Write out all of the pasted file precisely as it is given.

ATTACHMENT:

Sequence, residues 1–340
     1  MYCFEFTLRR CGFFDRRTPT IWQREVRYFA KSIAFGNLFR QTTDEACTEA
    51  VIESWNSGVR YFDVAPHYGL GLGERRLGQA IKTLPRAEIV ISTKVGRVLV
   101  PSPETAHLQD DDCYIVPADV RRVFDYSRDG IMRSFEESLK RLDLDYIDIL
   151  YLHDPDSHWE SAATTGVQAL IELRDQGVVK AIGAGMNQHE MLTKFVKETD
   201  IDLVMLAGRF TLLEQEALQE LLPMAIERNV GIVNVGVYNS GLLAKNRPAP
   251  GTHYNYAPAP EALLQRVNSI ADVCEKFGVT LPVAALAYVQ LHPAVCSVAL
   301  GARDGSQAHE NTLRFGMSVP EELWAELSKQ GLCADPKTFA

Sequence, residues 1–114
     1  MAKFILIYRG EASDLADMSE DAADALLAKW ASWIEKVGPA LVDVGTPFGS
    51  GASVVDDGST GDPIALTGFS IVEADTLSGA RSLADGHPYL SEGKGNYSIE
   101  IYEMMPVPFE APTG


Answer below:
Sequence, residues 1–340
     1  MYCFEFTLRR CGFFDRRTPT IWQREVRYFA KSIAFGNLFR QTTDEACTEA
    51  VIESWNSGVR YFDVAPHYGL GLGERRLGQA IKTLPRAEIV ISTKVGRVLV
   101  PSPETAHLQD DDCYIVPADV RRVFDYSRDG IMRSFEESLK RLDLDYIDIL
   151  YLHDPDSHWE SAATTGVQAL IELRDQGVVK AIGAGMNQHE MLTKFVKETD
   201  IDLVMLAGRF TLLEQEALQE LLPMAIERNV GIVNVGVYNS GLLAKNRPAP
   251  GTHYNYAPAP EALLQRVNSI ADVCEKFGVT LPVAALAYVQ LHPAVCSVAL
   301  GARDGSQAHE NTLRFGMSVP EELWAELSKQ GLCADPKTFA

Sequence, residues 1–114
     1  MAKFILIYRG EASDLADMSE DAADALLAKW ASWIEKVGPA LVDVGTPFGS
    51  GASVVDDGST GDPIALTGFS IVEADTLSGA RSLADGHPYL SEGKGNYSIE
   101  IYEMMPVPFE APTG